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Doxil Drama

Doxil Drama

The FDA’s approval of generic Doxil has begun to ease shortages of the cancer drug

By Patrick Kenney

Over the last couple years, our healthcare system has been plagued by nationwide drug shortages that have threatened the lives of thousands of patients. The consequences of these shortages have been particularly dangerous because many of the drugs in short supply are potentially life-saving treatments for cancer.

The shortages tend to be a result of disruptions in manufacturing, in many cases due to improper practices by pharmaceutical manufacturing giants that can affect an entire supply chain.

The cancer drug Doxil (doxorubicin HCI liposome injection), which is used frequently in the treatment of recurrent ovarian cancer and relapsed multiple myeloma, has been in short supply since November 2011, when the Food and Drug Administration (FDA) intervened at a plant operated by Ben Venue Laboratories in Bedford, Ohio, where equipment had deteriorated to the point that it shed particles into injectable drugs.

In October 2011, acknowledging the urgency of the shortage crisis, President Barak Obama issued an executive order, which in part instructed the FDA to speed up efforts to get generic drugs approved and on the market. Last month, that effort bore fruit when the FDA approved the first generic form of Doxil, made by Sun Pharma Global FZE.

“Initially, there was an issue with the warehouse distributor not having the generic version available as soon as notification went out that it was available per the manufacturer and that delay was approximately one week,” Kathryn Schultz, a clinical pharmacy specialist in hematology/oncology at Rush University Medical Center, said in an email.

Schultz and her colleagues in the pharmacy department track changes in the supply of cancer drugs, and each week, they report the combined inventory for inpatient and outpatient pharmacies to their cancer center. During intense shortages, hospitals are prepared to share drugs openly amongst themselves to ensure that patients’ needs are met.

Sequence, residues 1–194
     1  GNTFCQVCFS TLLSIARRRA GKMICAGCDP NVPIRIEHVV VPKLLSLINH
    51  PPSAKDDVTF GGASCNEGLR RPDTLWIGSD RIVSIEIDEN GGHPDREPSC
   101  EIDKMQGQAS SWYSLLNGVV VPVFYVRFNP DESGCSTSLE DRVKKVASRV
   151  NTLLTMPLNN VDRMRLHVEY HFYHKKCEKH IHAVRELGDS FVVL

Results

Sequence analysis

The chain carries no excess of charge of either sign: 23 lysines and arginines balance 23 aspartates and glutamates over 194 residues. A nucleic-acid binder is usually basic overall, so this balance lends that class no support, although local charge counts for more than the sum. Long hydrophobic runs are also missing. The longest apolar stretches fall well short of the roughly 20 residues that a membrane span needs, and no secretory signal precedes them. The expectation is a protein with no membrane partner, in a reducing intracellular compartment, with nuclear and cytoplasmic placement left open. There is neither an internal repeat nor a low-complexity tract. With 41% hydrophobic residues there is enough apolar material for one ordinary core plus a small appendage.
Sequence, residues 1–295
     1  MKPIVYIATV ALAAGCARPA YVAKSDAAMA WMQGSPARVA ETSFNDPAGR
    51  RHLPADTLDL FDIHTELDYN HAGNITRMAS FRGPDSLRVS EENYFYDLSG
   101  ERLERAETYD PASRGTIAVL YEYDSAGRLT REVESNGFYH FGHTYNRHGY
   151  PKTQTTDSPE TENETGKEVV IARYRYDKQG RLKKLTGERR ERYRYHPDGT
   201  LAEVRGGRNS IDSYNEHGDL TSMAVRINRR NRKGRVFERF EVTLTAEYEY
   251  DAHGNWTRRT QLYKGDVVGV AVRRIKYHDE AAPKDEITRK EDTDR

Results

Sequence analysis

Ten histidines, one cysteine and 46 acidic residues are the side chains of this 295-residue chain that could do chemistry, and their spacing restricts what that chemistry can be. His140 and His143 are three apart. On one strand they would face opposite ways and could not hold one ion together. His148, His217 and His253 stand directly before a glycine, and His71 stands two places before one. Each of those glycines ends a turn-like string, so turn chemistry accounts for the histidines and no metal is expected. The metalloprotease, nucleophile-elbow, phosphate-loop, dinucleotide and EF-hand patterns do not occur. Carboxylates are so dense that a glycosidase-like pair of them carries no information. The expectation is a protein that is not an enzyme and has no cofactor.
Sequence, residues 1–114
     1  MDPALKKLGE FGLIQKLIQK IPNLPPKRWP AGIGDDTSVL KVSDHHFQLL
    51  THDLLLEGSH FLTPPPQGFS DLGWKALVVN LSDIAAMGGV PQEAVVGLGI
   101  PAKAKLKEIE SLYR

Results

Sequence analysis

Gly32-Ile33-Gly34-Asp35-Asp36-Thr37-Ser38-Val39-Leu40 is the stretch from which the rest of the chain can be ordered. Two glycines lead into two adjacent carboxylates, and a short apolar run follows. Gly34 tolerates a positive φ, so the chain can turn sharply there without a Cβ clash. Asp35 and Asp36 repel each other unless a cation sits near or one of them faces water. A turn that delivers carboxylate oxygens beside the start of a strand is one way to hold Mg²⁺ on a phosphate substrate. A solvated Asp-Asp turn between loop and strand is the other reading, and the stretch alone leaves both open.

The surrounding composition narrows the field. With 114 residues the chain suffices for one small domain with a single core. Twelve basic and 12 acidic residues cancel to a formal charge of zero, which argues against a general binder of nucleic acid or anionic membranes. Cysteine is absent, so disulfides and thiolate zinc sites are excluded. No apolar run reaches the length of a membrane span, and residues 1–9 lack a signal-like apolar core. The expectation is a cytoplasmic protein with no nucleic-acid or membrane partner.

In recent weeks, generic Doxil has boosted the drug supply, enabling Rush to provide treatment to more patients. “There were only two [outpatients] on the access program treated during the months of shortage,” Schultz said. “Now [we’re] treating about five [to] six patients a week, mostly in our outpatient infusion center.”

It has been more than three years since Doxil-related patents expired. But Doxil, owned by Johnson & Johnson through its subsidiary Janssen, hasn’t seen any competition from generic versions of the drug, ironically because the FDA had protected them from it.

Generic drugs have the same bioequivalence as their brand-name counterparts. They are, essentially, the same. When the patent on a proprietary drug expires, generics flood the market with a more affordable version of the same medication. This is good for the market and for patients, forcing prices down and incentivizing research and development of the next big drug.

But because Doxil was developed to treat multiple myeloma, a relatively rare form of cancer, it was offered extra protection against generic competition. Pharmaceutical companies don’t need to be encouraged to develop drugs that everyone will want to buy, but when necessary treatments are not so profitable, the FDA offers a reward in the form of an orphan drug product designation, preventing generic competition from driving down the price.

With generic Doxil finally coming online, the supply chain has begun a dramatic shift toward stability. At Rush, “we have gone from a zero stock to having a three-week supply on the shelf, based on our increased current usage,” said Schultz.

On the morning of the generic Doxil approval announcement, Sun Pharmaceutical Industries, the Indian parent of Sun Pharma Global FZE, rallied 4.4 percent on the Indian stock exchange (NSE). Cancer patients won’t be the only beneficiary of the new availability of generic drugs.

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